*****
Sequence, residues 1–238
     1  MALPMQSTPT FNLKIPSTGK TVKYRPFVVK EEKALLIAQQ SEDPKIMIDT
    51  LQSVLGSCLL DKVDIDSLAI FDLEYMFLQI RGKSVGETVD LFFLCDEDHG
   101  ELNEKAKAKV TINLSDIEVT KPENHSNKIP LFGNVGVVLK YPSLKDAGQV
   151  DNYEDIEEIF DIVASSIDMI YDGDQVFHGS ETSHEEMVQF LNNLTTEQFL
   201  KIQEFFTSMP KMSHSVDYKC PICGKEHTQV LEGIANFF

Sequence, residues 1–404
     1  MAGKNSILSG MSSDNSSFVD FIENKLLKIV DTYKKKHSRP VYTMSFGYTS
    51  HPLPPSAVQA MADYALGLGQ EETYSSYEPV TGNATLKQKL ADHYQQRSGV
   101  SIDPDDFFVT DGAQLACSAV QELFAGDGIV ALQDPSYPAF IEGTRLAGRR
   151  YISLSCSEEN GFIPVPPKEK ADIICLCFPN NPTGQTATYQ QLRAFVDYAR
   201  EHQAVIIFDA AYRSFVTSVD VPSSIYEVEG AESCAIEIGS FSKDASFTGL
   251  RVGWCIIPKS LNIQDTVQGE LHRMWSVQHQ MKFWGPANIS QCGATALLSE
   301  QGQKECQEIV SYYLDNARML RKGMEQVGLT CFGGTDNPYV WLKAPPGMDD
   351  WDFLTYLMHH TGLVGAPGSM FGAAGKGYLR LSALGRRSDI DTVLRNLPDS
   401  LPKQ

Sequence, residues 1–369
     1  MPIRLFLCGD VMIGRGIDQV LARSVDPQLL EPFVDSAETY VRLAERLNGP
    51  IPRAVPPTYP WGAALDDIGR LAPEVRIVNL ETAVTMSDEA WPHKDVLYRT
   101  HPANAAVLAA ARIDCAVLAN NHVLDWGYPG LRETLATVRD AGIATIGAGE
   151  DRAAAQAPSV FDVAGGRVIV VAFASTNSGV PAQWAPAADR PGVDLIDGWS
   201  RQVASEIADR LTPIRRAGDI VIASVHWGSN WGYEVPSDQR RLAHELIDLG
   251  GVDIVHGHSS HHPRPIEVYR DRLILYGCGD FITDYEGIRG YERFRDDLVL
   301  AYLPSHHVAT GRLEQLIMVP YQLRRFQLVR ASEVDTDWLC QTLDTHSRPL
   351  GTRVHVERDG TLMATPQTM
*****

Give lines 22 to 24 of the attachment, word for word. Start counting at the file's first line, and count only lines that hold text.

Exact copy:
   201  RQVASEIADR LTPIRRAGDI VIASVHWGSN WGYEVPSDQR RLAHELIDLG
   251  GVDIVHGHSS HHPRPIEVYR DRLILYGCGD FITDYEGIRG YERFRDDLVL
   301  AYLPSHHVAT GRLEQLIMVP YQLRRFQLVR ASEVDTDWLC QTLDTHSRPL